The moment I saw him I knew he was the man I would marry. A twenty-minute conversation changed my life; in those first moments we both said, “I’ve always wanted to drive across America like Jack Kerouac.”
Five years later, with a diamond ring on my index finger and a mop haired man in tow, we were leaving for the United States, September 1. The USA was the first stop in a two-year journey across the world. We were doing what we dreamed of in that first moment of falling in love.
While I am enamored of On The Road, Kerouac’s most famous novel, I am more partial to the Dharma Bums. It’s about the spiritual side of traveling, encountering God in the footsteps of a mountain, praying in the woods and finding a place in the universe.
In the Dharma Bums, Kerouac envisaged a “rucksack revolution” with “thousands or even millions of young Americans wandering around with rucksacks, going up to mountains to pray, making children laugh and old men glad, making young girls happy and old girls happier, all of ‘em Zen Lunatics who go about writing poems that happen to appear in their heads for no reason and also by being kind and also by strange unexpected acts keep giving visions of eternal freedom to everybody and to all living creatures…”
With this vision in my head, and a rucksack on my back, we arrived in Los Angeles’ Union Station, an art deco sprawl of old wooden seats, a hundred people waiting for links out of the city, waiting for trains to take them elsewhere. We picked up our car from the station for a month of driving around the West Coast of America.
The plan was to take Highway One from LA to San Francisco, but we were not driving in accordance with some map made by an ardent beat fan. We did not want to emulate the same journeys as our heroes but to create new ones.
Sprinting out of LA in our tiny car, we turned off the major highway and onto the coastal route. Kerouac captured the slick city perfectly; “The smog was heavy, my eyes were weeping from it, the sun was hot, the air stank, a regular hell is L.A.”
Through the ups and downs of the mountains we turned, heading towards the elusive ocean. At first a small blue spot through the hills until we descended to the same level of the ocean, joining the coast just past Oxnard. I kept repeating to Justin “This is what we came for,” as the ocean lay flat, a hundred meters from the road.
Highway One, the All-American Road, began in the 1930s but was officially named in 1964. A highway famed for beatniks and ingénues riding in red convertibles as their scarves fly off in the wind.
At lunch we stopped at Santa Barbara and ate stuffed crab sandwiches on the end of the pier. The September sun glared down, casting strong shadows on the locked up bikes next to aisles of palm trees, past the weatherboard shacks, where a fortuneteller’s signpost flopped in the still air. It felt good to be out of the city, far from the density of Los Angeles.
As we drove closer to the Montana del Oro campsite, it was as if a curtain of grey descended on the world, from the pure blue skies of the coast to another world of cloud and fog. A light rain spat on our car driving up through the gates to the campsite.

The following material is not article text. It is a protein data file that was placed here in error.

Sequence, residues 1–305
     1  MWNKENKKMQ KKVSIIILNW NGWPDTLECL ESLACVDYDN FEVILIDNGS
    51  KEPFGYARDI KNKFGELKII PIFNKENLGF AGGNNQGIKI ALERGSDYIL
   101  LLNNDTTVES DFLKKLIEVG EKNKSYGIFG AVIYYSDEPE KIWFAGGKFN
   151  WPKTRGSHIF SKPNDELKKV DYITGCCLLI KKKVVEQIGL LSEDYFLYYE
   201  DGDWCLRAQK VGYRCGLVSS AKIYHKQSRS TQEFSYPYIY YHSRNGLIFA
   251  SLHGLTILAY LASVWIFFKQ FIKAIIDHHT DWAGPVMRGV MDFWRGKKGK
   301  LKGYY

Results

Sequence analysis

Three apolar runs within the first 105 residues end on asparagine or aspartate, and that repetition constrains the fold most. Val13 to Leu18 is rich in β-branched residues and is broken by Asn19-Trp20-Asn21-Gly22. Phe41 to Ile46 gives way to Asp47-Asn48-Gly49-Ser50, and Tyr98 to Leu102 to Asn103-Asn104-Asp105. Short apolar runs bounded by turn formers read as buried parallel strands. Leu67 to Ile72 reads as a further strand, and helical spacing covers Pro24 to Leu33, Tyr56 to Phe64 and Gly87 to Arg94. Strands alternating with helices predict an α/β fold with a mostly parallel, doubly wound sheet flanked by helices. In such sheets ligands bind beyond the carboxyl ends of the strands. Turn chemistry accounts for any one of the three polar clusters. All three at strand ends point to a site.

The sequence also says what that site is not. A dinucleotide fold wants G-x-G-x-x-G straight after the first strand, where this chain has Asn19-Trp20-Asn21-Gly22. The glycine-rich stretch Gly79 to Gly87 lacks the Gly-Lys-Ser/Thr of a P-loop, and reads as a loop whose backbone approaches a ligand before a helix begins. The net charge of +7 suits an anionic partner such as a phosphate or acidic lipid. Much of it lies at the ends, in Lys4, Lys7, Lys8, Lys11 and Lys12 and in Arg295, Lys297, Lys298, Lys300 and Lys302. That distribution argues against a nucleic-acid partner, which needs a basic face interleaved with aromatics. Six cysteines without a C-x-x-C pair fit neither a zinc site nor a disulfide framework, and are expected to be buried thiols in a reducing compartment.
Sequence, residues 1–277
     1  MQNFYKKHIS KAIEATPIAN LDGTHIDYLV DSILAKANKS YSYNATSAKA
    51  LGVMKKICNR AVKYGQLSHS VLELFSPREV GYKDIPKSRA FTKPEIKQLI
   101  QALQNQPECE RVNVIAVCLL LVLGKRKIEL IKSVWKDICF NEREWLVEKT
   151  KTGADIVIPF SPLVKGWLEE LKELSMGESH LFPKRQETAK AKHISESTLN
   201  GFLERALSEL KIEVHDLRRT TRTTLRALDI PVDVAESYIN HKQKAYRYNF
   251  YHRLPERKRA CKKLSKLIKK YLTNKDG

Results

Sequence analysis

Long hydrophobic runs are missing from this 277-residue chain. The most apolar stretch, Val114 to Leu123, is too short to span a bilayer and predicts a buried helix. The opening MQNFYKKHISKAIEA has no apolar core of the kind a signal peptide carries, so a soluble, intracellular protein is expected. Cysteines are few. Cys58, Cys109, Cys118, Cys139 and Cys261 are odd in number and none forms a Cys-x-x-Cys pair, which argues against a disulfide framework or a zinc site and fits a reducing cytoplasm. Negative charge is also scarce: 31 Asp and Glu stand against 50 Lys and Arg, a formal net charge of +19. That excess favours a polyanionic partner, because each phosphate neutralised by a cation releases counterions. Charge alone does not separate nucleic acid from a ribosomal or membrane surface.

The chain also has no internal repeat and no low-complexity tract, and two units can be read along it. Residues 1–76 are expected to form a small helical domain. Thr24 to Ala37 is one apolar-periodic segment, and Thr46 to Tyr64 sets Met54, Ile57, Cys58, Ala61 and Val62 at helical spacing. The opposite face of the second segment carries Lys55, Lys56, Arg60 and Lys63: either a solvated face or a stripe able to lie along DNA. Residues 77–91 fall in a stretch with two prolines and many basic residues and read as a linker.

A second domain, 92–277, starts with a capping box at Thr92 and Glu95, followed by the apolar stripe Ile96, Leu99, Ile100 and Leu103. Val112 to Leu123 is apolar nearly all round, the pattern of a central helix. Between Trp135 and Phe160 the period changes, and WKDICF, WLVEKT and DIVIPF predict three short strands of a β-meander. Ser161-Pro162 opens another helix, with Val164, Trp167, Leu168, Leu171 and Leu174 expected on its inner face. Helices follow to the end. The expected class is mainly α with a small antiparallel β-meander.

We parked the car, carting our rucksacks up the steep hill, returning for food. If the weather had been good, we would have seen endless cliff lines, but fog dragged across the horizon, so that only glimpses of cliff could be seen through patches of loose fog. In the distance, the last glimpse of a golden shaft of sunlight, then gone and grey once more.
We prayed in our small blue tent, silently feeling the enormity of the world pressing down against our miniscule bodies. Though I’m a Christian, I was profoundly influenced by Kerouac’s Buddhist vision of travel, of “getting nowhere and thereby learn”. And I was nowhere, invisible in the miles of fog up and down the cliff line, high on a hill without a soul except the warmth of my husband beside me.
He wrote, “[I wanted to] go off somewhere and find perfect solitude and look into the perfect emptiness of my mind and be completely neutral from any and all ideas. I intended to pray, too, as my only activity, pray for all living creatures; I saw it was the only decent activity left in the world.”
Inside the food box, a long forgotten wooden cupboard next to a picnic table nested a small bird.
The following day we ventured up Big Sur, the snakelike coastline that inspired Kerouac, Steinbeck and Henry Miller. But our five hour journey through roadwork had nothing of the romantic beatnik feel about it and everything of car sickness, windy roads and the tension of driving at twenty miles an hour.
We arrived at Fremont Peak State Park as far from peace as is possible.
The entrance to the park lay at the foothills of the Californian mountain range, past wooden farmer’s houses and uneven paling fences. The GPS indicated a six-mile vertical drive to the campsite at the top of the mountain. The engine grunted as I pushed the accelerator, forcing the small car reluctantly up the hill.